People, Places & Things
Just Add Dice
It Came from the SlushPile
Tips for GMs and Writers
What’s Your Fantasy?
Copyright 2000Christine Morgan
Part Seven -- The Art of Villainy
"It's my first real stab at cliched villainy" -- David Xanatos, "Cloud Fathers"
I've always liked the bad guys best.
And why not? The bad guys get the best lines, the best outfits, and seem to be having the most fun.
Villainy is the active role, heroism is the reactive one. Without an evil scheme to stop, a sinister overlord to overthrow, or wicked deeds to undo, the hero would be bored and useless.
These things came clear to me even as a child. The ultimate "cool villain" in my personal hierarchy would be Maleficent, from Disney's Sleeping Beauty. She had it all -- best lines ("And now you will face me, oh Prince, and all the powers of Hell!"), best outfit (that jazzy black and purple ensemble with the horned headdress, not to mention turning into one of the greatest dragons of all time), and the most fun (her taunting of Philip in the dungeons).
This liking for the active, fun, evil role is part of what makes me prefer being a GM over a player. It's also one of the things I love about writing. My favorite sorts of stories are ones in which there are not only bad guys vs. good guys, but bad guys vs. worse guys.
I also enjoy exploring the psyche and background of my villains, because finding out what makes them tick can also help make them more sympathetic. It's great to have a character that people love to hate, but making that character the object of unwilling sympathy is a delightful and rewarding challenge.
In my second MageLore book, Dark of the Elvenwood (order your signed copy today!), I get to do both -- Jarrell "the Brat of Thanis" Farleigh, vicious witchy Vondra of the Great Library, and Lord Marl are all bad guys, but one can't help feeling almost sorry for them as they find out the hard way that Solarrin is an even worse guy.
Best of the Worst:
Some of my all-time favorites would include:
Disney -- Maleficent ("Sleeping Beauty"), Ursula ("The Little Mermaid"), the Wicked Queen ("Snow White"), Scar ("The Lion King"), Frollo ("The Hunchback of Notre Dame"), Chernabog ("Fantasia").
Gargoyles (Disney sub-category) -- David Xanatos, Demona, Dr. Anton Sevarius.
Shakespeare -- Iago ("Othello"), Edmund ("King Lear"), Richard III.
Movies -- Darth Vader ("Star Wars"), Alan Rickman as Hans Gruber ("Die Hard") and the Sheriff of Nottingham ("Robin Hood: Prince of Thieves"), the Terminator, Wadsworth the Butler ("Clue"), Xenia Onatopp ("Goldeneye"), the Borg Queen ("Star Trek: First Contact").
Books -- Saruman ("Lord of the Rings"), Randall Flagg ("The Stand"), Roy Miro ("Dark Rivers of the Heart"), Roland Croninger ("Swan Song"), Pennywise the Dancing Clown ("It").
An antagonist isn't necessarily a villain, but is still in opposition to the heroes for some reason, still an obstacle. Their intent isn't particularly aimed at the heroes, they might have nothing personal against the heroes, but they just keep getting in each other's way.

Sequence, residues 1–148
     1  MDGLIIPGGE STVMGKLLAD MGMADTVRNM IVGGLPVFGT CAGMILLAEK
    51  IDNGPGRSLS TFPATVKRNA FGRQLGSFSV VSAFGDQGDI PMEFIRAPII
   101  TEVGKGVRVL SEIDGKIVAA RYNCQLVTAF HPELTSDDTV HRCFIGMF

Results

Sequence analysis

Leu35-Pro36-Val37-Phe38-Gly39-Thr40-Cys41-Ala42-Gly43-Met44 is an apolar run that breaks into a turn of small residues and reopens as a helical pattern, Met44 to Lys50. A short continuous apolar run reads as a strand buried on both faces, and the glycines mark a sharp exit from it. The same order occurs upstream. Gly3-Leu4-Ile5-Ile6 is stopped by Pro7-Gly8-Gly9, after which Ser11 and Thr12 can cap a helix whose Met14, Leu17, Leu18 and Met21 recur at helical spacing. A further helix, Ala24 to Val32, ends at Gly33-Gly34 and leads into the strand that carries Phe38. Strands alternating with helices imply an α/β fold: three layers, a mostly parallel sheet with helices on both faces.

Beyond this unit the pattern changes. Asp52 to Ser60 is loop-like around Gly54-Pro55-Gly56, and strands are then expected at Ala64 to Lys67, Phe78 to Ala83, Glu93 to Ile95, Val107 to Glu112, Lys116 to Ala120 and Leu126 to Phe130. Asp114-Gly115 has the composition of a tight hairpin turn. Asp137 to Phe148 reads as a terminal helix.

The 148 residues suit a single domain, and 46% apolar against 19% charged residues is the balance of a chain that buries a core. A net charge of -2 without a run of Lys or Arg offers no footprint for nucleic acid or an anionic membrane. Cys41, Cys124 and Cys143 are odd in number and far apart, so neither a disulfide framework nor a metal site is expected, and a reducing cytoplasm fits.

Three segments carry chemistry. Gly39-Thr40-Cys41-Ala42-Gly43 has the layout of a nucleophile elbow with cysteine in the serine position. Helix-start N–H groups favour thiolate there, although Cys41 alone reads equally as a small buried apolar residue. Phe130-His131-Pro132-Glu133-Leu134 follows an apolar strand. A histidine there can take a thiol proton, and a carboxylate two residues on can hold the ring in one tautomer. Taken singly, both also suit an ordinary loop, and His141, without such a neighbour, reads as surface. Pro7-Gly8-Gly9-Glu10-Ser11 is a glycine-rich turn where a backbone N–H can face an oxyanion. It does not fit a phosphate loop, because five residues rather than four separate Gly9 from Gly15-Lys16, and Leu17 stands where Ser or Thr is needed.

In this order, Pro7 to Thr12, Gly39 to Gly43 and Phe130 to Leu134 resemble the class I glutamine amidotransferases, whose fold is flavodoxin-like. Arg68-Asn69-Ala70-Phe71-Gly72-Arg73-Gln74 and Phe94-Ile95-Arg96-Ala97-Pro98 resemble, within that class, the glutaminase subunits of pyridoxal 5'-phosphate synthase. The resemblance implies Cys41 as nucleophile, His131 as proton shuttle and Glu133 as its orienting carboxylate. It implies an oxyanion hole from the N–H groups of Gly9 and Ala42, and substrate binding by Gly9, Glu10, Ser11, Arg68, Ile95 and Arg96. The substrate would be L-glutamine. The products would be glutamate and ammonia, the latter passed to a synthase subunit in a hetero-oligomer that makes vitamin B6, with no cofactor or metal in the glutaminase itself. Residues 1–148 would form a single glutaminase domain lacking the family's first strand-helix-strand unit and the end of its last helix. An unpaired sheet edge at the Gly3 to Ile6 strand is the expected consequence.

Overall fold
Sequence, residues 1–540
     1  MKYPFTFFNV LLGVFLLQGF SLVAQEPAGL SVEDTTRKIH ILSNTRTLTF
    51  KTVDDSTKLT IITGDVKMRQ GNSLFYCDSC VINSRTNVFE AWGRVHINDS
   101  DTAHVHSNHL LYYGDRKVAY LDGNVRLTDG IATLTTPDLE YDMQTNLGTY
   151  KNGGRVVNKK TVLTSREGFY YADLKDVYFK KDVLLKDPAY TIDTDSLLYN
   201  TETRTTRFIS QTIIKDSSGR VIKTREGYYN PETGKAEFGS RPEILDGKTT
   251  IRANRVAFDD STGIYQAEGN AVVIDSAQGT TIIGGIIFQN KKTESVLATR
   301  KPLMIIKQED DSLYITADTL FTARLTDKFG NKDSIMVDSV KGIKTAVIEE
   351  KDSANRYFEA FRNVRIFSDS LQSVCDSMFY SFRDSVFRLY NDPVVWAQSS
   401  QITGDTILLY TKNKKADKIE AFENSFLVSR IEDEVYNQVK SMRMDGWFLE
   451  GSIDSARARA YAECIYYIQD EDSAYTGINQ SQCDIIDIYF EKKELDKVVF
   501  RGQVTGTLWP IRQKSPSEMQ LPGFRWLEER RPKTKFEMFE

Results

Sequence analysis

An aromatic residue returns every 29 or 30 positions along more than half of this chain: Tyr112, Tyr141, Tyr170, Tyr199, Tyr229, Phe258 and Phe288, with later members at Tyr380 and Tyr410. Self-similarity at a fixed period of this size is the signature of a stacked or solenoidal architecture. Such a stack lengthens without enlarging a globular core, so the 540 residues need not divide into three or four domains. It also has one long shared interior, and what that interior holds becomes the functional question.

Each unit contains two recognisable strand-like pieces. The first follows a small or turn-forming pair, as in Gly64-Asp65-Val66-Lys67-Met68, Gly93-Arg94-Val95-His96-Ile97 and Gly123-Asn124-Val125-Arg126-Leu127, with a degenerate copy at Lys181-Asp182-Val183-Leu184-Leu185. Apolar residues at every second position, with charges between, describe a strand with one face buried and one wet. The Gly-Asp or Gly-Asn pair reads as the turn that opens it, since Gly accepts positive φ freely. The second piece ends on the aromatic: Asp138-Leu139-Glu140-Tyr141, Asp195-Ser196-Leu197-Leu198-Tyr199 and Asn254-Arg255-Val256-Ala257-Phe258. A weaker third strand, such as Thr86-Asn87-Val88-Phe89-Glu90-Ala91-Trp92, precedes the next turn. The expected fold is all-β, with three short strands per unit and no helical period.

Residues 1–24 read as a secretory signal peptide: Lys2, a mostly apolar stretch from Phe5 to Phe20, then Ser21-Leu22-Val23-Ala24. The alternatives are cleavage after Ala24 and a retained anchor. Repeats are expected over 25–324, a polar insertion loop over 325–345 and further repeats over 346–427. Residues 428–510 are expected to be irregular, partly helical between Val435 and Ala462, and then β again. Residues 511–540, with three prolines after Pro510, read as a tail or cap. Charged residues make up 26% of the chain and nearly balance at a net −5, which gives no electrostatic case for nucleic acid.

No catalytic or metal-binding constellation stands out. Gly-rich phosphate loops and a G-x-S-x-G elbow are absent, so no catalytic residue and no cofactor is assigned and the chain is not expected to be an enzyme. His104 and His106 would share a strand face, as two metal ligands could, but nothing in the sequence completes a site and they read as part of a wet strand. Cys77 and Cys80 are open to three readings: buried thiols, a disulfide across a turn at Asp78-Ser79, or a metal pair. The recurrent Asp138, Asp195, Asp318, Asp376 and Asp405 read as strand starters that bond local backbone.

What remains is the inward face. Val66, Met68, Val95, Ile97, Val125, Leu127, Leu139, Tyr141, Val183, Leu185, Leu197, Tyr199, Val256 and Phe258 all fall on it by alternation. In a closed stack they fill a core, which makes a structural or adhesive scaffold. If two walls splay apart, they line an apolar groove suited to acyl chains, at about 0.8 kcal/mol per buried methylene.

Some examples of characters I consider antagonists would be MacBeth from "Gargoyles"; Q from "ST:TNG"; Autolycus, the King of Thieves from "Hercules" and "Xena"; and Catwoman of "Batman" fame.
Antagonists can be noble, likeable, even friends or lovers. They can work with the heroes, help them, save their lives. Their goals and the goals of the heroes just do not always line up.
Villains tend to get killed off at the end of the movie, book, or adventure; antagonists are more likely to survive and go their separate ways.
Making a Good Bad Guy
What does it take to create a great villain?
I would say that traits such as confidence, charisma, and style are important. Complexity. Determination bordering on unstoppableness. A quick and clever mind. Deviousness. Ruthlessness. Being "morality-impaired."
Villains think that the rules don't apply to them, or that they can make their own rules.
A villainy continuum could lie between these two points:
Psychopathic -- ruled by emotion, intensity, irrationality. These are the ones that cannot cope when things start to go wrong, and begin lashing out at those around them; they are easy to taunt but prone to violent fits of rage (Randall Flagg; Queen Bavmorda from "Willow").
Sociopathic -- cold, calculating, emotionless. These ones will simply not be able to accept that things might go wrong; they just cannot see it, imagine it, deal with it. They have the nerve to be surprised when the heroes show up to end their evil plans, or die still thinking that they cannot lose (Hans Gruber; the Terminator).
Most will fall somewhere between these two extremes, or have flavors of both. Some might even flip back and forth.
When I am designing a villain, I use the GMM system (first mentioned in the May column on secret socities). GMM stands for Goal, Motivation, and Method.
Goal -- what. What does the villain want? What is the evil plan?
Motivation -- why. Why does the villain want to reach the goal? What's the underlying reason behind it?
Method -- how. How is the villain going to reach the goal? How far will he or she go to do it?
By way of example, let's use David Xanatos from "Gargoyles." His Goal is immortality: he wants to live forever. His Motivation is part fear and part megalomania: he is terrified of growing old, and so full of himself that he thinks he deserves to live forever. His Method is "anything goes;" he will try science or sorcery, meddle in Things Man Was Not Meant to Know (TM), and sacrifice innocents if it'll help him get what he wants.
To the GMM, I also sometimes add E, for Explanation. This is the underlying cause of the villain's behavior, which explains (but does not necessarily excuse) it.
This is where the sob stories of rough childhoods, domineering parents, and society's callous disregard for (whatever) come in. Scar, from "The Lion King," would have the Explanation of spending all his life in his brother Mufasa's shadow, building up a bitter heartful of jealousy. My own MageLore villain, Solarrin, was a fat ugly crippled outcast, and it made him turn evil.
But as I said, this explains, it doesn't excuse. I have strong personal feelings about the responsibility of people to control their own behavior, and it irks me whenever people attempt to defend their actions by whining how badly the world has treated them. I don't believe that the world owes anybody anything, and so while I understand why Solarrin is such a snot, I'm not going to cut him any slack because of it.